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Obstetrics & Gynecology International Journal

Review Article Special Issue Novel Ideas in Fertility and Genital Prolapse

Is Age-Related Decline in Female Fertility A Mitochondrial Dysfunction?

Sudipta Paul

Department of Gynecology, Salford Royal Hospital, UK

Correspondence: Sudipta Paul, Consultant Obstetrician & Gynecologist, Freelance author and researcher, Department of Gynecology, Salford Royal Hospital, Salford, UK

Received: August 29, 2016 | Published: September 19, 2016

citation: Paul S (2016) Is Age-Related Decline in Female Fertility A Mitochondrial Dysfunction? Obstet Gynecol Int J 5(2): 00148. DOI: 10.15406/ogij.2016.05.00148

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Abstract

The Research question: Whether mitochondrial dysfunction might be responsible for age-related decline in female fertility.

Study design: Review of the literature on decline in fertility with advanced female age, and relation between ageing and mitochondrial dysfunction was performed in 2000 when the idea was conceived.

Findings: In humans, the fertility in female declines slowly from the age of 30 years Embryo implanting ability and survival start declining gradually after 30 years of age, but by more than two thirds after 40 years and in younger women with reduced ovarian reserve. While decline in the frequency of intercourse is one of the reasons, reduction in the quality of either the embryos arising from ageing oocytes due to higher incidence of oocyte aneuploidy or the older uterus have been implicated as the probable causes. Controversy still exists about which one of these is the main cause or whether both of them play a role together. While the suboptimal quality of the ageing oocytes and/or older uterus may be responsible for the age-related decline in female fertility, it is not clear why the functional quality of the uterus or the oocytes declines with increasing age. Recent researches have indicated the role of oxygen radical damage to the mitochondria in the somatic cells leading to mitochondrial dysfunction as the possible cause of the ageing process. In this article, a possible role of age-related mitochondrial dysfunction in the ageing oocytes and/or the uterus has been proposed as the cause of age-related decline in female fertility.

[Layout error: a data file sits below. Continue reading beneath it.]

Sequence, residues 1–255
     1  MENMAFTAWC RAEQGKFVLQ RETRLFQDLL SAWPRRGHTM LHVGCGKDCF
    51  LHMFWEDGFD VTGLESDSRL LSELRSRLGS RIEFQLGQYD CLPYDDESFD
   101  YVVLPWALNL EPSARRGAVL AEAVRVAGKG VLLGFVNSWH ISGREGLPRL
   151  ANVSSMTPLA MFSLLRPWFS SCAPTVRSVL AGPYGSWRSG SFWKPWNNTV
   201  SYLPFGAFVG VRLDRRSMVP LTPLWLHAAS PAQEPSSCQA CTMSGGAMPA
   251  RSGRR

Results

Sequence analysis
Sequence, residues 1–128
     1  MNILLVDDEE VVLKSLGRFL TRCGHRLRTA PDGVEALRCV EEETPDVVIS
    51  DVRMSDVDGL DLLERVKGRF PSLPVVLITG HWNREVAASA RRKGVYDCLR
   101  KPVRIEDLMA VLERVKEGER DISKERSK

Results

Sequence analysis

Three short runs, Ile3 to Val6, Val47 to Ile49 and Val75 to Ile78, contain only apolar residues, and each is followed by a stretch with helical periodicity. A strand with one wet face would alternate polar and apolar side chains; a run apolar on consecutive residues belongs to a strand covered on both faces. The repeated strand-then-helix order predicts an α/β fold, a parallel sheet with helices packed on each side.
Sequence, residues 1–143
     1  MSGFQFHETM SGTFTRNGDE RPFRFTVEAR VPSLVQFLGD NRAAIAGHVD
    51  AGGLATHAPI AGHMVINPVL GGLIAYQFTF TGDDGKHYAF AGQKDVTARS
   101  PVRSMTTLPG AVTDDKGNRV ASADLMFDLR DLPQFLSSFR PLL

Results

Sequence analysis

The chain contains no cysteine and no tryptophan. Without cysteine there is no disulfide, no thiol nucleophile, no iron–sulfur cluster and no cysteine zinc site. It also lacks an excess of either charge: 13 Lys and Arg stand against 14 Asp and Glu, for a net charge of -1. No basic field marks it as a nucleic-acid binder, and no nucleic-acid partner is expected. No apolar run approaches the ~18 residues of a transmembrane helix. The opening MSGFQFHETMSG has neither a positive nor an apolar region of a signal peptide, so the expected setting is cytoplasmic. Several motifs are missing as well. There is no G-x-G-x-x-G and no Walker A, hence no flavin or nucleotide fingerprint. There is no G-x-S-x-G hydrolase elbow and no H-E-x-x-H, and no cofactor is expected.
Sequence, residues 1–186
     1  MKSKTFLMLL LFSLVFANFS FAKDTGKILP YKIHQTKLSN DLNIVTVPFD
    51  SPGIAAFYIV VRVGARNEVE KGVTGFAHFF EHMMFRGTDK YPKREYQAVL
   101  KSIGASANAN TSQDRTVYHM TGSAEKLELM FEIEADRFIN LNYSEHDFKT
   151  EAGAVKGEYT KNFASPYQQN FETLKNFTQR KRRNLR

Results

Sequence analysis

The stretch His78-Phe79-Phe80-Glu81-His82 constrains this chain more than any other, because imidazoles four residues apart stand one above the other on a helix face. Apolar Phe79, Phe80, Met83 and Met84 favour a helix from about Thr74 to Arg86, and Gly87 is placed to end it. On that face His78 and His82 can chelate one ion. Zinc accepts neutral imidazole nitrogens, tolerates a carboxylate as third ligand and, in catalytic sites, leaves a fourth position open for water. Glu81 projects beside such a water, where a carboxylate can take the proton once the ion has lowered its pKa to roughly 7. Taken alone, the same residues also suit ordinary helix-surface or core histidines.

Implications: Research in to this area would be useful to explore the possibility. If decline in fertility with advanced female age is found to be associated with mitochondrial dysfunction preventive measures that might retard the process of mitochondrial dysfunction associated with ageing could be taken in advance. N. B. The hypothesis was originally conceived and the article was written by the author in 2000 and has been included here as it was written in 2000.

Keywords: Female Fertility; Ageing Oocyte; Mitochondrial dysfunction        

Introduction

In humans, the fertility in female declines slowly from the age of 30 years [1,2]. Embryo implanting ability and survival start declining gradually after 30 years of age, but by more than two thirds after 40 years and in younger women with reduced ovarian reserve [3]. While decline in the frequency of intercourse is one of the reasons, reduction in the quality of either the embryos arising from ageing oocytes due to higher incidence of oocyte aneuploidy or the older uterus have been implicated as the probable causes. Controversy still exists about which one of these is the main cause or whether both of them play a role together [1-6]. While the suboptimal quality of the ageing oocytes and/or older uterus may be responsible for the age-related decline in female fertility, it is not clear why the functional quality of the uterus or the oocytes declines with increasing age. Recent researches have indicated the role of oxygen radical damage to the mitochondria in the somatic cells leading to mitochondrial dysfunction as the possible cause of the ageing process. In this article, a possible role of age-related mitochondrial dysfunction in the ageing oocytes and/or the uterus has been proposed to be the cause of the age-related decline in female fertility.

Older uterus or ageing oocytes

A substantial drop in the ongoing pregnancy rate per embryo transfer has been observed in women undergoing assisted reproduction, 48.8% in women aged <30 years to 13.6% in women aged >42 years). Embryo implantation rate also declines in a linear fashion, from 29% in women <34 years to approximately 5% at age 42. The reduced implantation rate in older women is apparently independent of the magnitude of their stimulation response. Though oocyte factors are held primarily responsible for the decline in fertility in older women, diminished endometrial receptivity has also been suggested as a contributor [7]. It has been suggested from studies performed in women undergoing in vitro fertilisation (IVF) treatment and IVF with oocyte donation, that senescence affects both the ovary (oocytes and granulosa cells) and the uterus [1,8]. A defective vasculature of the uterus has been indicated as the possible cause of an increased miscarriage rate in women aged >40 years [1]. With ovum donation, an increased rate of pregnancy loss after the completion of implantation has been observed in women >40 years. A retardation of steroid synthesis suggests that the mechanism(s) responsible for placenta formation and functioning in the uterus is affected by age [9].